A small business owner may form a LLC or a S-Corp for the business in order to protect themselves from personal liability for the acts of the business entity. However, when it comes time to sign a commercial lease, it may be impossible to completely insulate the owner’s personal finances from the fortunes of the business. This is because many commercial leases – and particularly those for small businesses or businesses just starting out – will require that the business owner provide a personal guarantee as a term of the lease.
In a personal guarantee, the guarantor (usually the business owner) agrees to be responsible for the lease payments owed by the business under the terms of a commercial lease if the business fails to pay rent or fails to pay rent after vacating the leased space before the end of the lease term. Typically, a commercial lease will provide that if the tenant (the business) fails to pay rent, the landlord may collect against the personal guarantor. In other words, if a business fails to pay its rent under a commercial lease, the landlord wants someone it can collect the rent from other than the business entity itself.
Why do landlords require personal guarantees for commercial leases? Simply put, the landlord wants to make sure that it can collect the rent owed to it for the leased space. If a business is struggling and can’t pay rent, the business may fail and cease to exist before the lease term ends. When a business closes shop, the business entity that signed the lease may have little or no assets remaining to pay the rent due for the rest of the lease term. Further, if the business ceases to operate, it won’t have the income it needs to make the remaining rent payments. When a business fails or is otherwise unable to pay its rent, the landlord’s recourse is to collect the rent that the business would otherwise have paid under the terms of the lease from the guarantor.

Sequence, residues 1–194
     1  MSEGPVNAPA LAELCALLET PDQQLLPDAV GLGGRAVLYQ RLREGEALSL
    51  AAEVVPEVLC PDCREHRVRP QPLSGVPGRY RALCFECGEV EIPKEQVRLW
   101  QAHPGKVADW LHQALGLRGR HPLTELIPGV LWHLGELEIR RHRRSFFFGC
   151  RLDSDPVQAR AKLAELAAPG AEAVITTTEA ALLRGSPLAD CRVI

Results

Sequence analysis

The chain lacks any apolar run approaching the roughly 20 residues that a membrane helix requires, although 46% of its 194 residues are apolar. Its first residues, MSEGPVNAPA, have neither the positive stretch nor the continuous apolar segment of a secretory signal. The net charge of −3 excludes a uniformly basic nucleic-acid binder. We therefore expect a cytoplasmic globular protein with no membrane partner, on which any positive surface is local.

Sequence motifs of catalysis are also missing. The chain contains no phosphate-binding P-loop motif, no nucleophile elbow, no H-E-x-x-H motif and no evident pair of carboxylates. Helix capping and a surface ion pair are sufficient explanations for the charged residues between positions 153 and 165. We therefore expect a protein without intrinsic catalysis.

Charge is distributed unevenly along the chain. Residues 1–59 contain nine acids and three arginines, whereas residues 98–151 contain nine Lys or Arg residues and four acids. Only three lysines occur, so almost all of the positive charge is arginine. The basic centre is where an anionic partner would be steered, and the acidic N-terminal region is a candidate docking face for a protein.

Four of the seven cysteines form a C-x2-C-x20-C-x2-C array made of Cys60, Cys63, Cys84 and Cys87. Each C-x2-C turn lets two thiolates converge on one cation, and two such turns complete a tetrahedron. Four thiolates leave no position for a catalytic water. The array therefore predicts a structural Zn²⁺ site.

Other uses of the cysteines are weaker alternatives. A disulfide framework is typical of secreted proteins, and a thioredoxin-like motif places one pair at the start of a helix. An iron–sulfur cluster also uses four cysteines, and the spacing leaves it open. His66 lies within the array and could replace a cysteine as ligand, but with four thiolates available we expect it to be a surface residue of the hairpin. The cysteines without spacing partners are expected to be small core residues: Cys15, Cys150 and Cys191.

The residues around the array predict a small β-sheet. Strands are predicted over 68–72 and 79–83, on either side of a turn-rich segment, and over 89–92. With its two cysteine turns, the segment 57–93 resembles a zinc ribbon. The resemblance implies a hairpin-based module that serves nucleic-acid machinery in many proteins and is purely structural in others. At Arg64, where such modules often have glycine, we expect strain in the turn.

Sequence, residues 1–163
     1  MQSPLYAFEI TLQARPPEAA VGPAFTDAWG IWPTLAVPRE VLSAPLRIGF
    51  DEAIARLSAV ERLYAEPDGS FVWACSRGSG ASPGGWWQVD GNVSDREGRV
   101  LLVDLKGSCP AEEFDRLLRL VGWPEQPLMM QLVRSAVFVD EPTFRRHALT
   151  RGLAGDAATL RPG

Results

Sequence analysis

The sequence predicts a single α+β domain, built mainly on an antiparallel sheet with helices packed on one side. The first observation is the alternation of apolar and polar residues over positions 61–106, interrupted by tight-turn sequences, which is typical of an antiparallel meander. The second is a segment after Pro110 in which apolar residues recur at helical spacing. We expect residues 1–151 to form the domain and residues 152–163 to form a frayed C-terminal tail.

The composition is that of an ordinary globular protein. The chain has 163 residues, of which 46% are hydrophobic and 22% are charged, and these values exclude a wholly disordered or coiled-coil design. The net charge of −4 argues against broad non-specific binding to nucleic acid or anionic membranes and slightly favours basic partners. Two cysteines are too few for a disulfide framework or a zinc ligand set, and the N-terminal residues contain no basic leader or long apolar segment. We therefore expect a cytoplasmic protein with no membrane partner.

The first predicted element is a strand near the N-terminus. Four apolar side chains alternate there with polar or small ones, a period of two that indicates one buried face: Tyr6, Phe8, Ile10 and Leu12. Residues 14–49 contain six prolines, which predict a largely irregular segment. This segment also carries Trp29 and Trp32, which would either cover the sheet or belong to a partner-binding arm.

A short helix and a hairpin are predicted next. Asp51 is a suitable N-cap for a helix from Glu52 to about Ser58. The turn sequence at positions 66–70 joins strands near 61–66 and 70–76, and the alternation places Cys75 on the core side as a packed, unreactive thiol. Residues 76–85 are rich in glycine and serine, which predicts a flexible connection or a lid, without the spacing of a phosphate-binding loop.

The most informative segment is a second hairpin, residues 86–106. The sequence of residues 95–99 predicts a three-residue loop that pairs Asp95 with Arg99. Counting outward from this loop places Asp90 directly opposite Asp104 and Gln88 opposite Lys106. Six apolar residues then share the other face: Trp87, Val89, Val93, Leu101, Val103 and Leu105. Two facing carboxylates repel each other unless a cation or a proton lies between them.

Just as not all commercial leases are identical, not all personal guarantees carry the same terms. Business owners may be able to negotiate terms that can help reduce their personal risk. For example, a landlord may be required to “mitigate” its damages by renting the leased space to a new tenant as soon as possible. If another tenant occupies the space during the lease term, the personal guarantor would be on the hook only if the new tenant’s rent was less than the amount secured by the guarantee. If that were to happen, the guarantor would only be liable for the difference between the rent due under the original lease and the actual rent paid by the new tenant. Another way to reduce risk for guarantors is to include the right for the business to assign its lease to a new tenant, so that if the business is sold or otherwise must close, a new business tenant occupying the space will be responsible for the rent. Finally, if a commercial lease has more than one individual providing a personal guarantee, the guarantors may be able to reduce the amount of individual risk by reaching an agreement among themselves to assume joint responsibility for the rent if the business fails to pay rent.
Investing time in negotiating a commercial lease that includes provisions mitigating liability under any personal guarantee makes good sense for businesses, and for business owners. Questions about your commercial lease? We can help! Our firm enjoys working with businesses to negotiate commercial leases.
This post is for informational purposes and does not contain or convey legal advice. The information herein should not be used or relied upon in regard to any particular facts or circumstances without first consulting with an attorney.